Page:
Editions:  Austria · Denmark · France · Germany · Italy · Norway · Spain · Sweden · Switzerland

Sweden to save millions in new EU budget

Share this article

10:15 CET+01:00
Sweden welcomed the new EU budget agreement reached on Saturday, which will lower Sweden's EU fee by 300 million kronor ($45 million) compared to the government's original estimates.

The EU members' governments and the European Parliament agreed to limit expenditures in 2012's budget to €129 billion ($177 billion), an increase of two percent compared to 2011.

"The decision was unanimous," said Jacek Dominik, chairman of the council of ministers, who led the marathon meeting which started on Friday evening and went on into the night.

Hans Lindblad, state secretary with the Swedish finance ministry, is pleased with the results of the budget talks.

"It's one of the tightest budgets achieved, and it's a good compromise for Sweden and for EU," he said to news agency TT on the telephone from Brussels.

The agreement means that Sweden's EU fee for next year will be 300 million kronor less than the government accounted for in the Swedish budget proposal.

"When we entered negotiations, the difference between us and the European Parliament was a raising of the fee by one billion kronor for Sweden, so of course we're satisfied," said Hans Lindblad.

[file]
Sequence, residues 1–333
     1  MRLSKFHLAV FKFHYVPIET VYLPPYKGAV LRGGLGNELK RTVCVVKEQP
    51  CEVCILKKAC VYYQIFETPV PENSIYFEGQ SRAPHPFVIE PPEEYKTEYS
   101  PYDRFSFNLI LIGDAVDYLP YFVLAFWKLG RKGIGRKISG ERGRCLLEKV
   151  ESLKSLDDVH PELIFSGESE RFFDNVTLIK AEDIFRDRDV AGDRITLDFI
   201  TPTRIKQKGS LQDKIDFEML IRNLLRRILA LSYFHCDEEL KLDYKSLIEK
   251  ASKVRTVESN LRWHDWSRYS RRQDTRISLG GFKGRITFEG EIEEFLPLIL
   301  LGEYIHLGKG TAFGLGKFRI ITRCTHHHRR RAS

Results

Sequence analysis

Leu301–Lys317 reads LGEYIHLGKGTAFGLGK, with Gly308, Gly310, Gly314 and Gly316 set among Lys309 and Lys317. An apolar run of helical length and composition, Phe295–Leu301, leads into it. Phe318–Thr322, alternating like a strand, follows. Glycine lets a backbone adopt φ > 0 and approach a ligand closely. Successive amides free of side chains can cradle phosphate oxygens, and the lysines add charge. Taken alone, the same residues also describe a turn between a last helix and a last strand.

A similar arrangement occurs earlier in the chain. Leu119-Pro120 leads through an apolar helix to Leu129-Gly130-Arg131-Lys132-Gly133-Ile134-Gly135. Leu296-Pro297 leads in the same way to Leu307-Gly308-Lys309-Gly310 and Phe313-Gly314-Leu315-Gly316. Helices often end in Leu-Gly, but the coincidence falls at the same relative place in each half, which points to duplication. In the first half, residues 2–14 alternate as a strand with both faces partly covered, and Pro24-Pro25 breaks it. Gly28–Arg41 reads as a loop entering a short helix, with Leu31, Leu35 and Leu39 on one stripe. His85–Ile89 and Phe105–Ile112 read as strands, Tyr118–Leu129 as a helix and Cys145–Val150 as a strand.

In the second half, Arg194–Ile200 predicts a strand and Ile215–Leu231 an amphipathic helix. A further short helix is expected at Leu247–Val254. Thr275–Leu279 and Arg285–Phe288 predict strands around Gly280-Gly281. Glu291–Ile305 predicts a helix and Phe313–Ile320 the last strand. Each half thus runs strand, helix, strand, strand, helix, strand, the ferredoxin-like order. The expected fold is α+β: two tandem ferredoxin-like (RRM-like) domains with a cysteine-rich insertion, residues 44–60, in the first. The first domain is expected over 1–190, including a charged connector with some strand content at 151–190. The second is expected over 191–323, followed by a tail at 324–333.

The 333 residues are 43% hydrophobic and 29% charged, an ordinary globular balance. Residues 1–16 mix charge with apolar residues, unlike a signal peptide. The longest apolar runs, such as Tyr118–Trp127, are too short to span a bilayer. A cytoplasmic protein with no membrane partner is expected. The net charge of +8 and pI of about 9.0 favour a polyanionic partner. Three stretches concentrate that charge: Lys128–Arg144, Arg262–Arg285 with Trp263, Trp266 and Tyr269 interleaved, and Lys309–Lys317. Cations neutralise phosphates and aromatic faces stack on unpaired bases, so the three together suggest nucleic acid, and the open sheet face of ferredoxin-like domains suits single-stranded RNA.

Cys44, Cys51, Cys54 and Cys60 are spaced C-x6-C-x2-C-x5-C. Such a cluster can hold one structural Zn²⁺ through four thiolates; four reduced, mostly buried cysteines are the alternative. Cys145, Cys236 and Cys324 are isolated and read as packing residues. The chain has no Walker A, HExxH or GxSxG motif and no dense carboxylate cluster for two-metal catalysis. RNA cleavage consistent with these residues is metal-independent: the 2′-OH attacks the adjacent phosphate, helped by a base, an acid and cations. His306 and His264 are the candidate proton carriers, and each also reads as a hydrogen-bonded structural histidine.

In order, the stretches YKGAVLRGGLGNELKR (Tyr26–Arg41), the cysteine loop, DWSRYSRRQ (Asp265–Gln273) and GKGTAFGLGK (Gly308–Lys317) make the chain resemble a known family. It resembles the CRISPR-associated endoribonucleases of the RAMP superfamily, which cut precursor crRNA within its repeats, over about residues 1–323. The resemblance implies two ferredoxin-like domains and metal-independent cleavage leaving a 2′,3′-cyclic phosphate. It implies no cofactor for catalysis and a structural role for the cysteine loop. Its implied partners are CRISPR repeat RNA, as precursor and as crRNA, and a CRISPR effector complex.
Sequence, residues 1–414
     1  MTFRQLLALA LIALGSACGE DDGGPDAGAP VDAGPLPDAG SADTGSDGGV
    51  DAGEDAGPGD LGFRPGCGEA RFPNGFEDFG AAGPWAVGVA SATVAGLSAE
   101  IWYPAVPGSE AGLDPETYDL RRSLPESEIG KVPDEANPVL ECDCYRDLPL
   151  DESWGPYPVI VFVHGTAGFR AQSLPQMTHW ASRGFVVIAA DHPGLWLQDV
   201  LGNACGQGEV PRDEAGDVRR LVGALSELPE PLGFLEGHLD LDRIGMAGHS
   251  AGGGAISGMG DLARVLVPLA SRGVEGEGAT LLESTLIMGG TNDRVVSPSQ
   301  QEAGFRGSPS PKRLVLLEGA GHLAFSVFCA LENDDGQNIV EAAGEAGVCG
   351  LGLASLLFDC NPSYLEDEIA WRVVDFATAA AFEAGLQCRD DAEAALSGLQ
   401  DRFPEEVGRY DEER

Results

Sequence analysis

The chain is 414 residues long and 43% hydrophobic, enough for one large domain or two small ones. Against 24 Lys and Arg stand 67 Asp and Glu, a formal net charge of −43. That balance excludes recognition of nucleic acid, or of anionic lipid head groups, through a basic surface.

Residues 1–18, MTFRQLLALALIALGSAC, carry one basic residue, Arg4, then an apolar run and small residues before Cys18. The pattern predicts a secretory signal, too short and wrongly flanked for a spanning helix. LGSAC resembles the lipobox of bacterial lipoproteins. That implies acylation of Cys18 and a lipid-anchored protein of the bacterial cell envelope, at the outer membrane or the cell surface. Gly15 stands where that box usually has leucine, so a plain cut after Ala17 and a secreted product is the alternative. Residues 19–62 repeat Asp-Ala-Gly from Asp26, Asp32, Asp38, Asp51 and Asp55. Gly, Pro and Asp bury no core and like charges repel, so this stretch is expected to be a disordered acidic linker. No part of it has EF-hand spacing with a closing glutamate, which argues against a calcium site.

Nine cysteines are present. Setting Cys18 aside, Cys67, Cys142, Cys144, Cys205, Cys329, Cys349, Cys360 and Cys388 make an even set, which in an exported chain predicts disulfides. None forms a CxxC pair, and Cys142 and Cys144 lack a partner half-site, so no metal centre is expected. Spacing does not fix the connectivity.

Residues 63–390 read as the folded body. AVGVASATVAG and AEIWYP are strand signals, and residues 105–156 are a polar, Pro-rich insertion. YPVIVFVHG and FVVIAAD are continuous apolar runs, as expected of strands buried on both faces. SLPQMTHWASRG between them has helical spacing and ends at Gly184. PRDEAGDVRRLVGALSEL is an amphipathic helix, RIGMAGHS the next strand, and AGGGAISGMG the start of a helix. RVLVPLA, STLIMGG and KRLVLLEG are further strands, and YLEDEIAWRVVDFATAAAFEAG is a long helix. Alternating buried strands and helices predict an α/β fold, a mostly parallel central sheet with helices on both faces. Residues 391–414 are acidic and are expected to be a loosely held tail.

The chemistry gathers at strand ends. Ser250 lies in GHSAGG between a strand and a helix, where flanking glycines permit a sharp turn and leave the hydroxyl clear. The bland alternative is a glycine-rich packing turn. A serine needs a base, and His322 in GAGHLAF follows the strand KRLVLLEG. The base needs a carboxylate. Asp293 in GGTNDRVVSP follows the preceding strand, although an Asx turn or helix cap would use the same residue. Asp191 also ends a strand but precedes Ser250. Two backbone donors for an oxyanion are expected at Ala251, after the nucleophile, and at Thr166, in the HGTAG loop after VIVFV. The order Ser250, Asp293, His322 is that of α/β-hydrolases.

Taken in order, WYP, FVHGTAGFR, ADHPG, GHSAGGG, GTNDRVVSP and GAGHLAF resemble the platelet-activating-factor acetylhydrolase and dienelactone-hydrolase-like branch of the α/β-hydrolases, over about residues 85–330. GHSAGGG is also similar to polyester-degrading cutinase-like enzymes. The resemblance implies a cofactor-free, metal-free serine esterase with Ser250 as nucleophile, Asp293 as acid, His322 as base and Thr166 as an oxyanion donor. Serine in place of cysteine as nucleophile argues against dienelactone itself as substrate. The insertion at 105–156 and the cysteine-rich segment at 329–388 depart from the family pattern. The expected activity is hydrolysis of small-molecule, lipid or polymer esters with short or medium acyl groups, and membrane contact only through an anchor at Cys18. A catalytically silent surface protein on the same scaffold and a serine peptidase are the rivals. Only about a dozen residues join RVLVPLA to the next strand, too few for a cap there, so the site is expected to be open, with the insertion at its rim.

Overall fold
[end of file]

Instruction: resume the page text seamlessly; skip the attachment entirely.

The limitation was introduced by the European governments forced to cut their own budgets, and take on savings packages because of the debt crisis.

The agreement was a defeat for the members of the European Parliament who voted for a budget of €133.1 billion on October 26.

The ministers and diplomats who participated in Friday's negotiations tried to agree on a budget that balanced between saving and financial growth.

Get notified about breaking news on The Local

Share this article

The Local is not responsible for content posted by users.
Become a Member or sign-in to leave a comment.

From our sponsors

The ‘fairytale' boarding school nestled in a Swedish village

The words ‘boarding' and ‘school' often summon images of strict teachers, drab dormitories and downcast children. That image couldn't be further from reality at Sigtunaskolan Humanistiska Läroverket (SSHL), where boarders describe the ‘fairytale' school as a home away from home.

Advertisement